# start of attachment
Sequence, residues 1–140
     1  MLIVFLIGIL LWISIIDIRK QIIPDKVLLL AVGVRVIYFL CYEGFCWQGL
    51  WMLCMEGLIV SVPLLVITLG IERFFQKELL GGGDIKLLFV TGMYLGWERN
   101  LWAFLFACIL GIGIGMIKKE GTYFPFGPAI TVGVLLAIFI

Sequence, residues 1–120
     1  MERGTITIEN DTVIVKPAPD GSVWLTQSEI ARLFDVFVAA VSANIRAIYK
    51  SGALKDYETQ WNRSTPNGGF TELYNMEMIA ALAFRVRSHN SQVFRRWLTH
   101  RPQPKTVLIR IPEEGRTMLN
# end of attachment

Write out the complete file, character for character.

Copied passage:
Sequence, residues 1–140
     1  MLIVFLIGIL LWISIIDIRK QIIPDKVLLL AVGVRVIYFL CYEGFCWQGL
    51  WMLCMEGLIV SVPLLVITLG IERFFQKELL GGGDIKLLFV TGMYLGWERN
   101  LWAFLFACIL GIGIGMIKKE GTYFPFGPAI TVGVLLAIFI

Sequence, residues 1–120
     1  MERGTITIEN DTVIVKPAPD GSVWLTQSEI ARLFDVFVAA VSANIRAIYK
    51  SGALKDYETQ WNRSTPNGGF TELYNMEMIA ALAFRVRSHN SQVFRRWLTH
   101  RPQPKTVLIR IPEEGRTMLN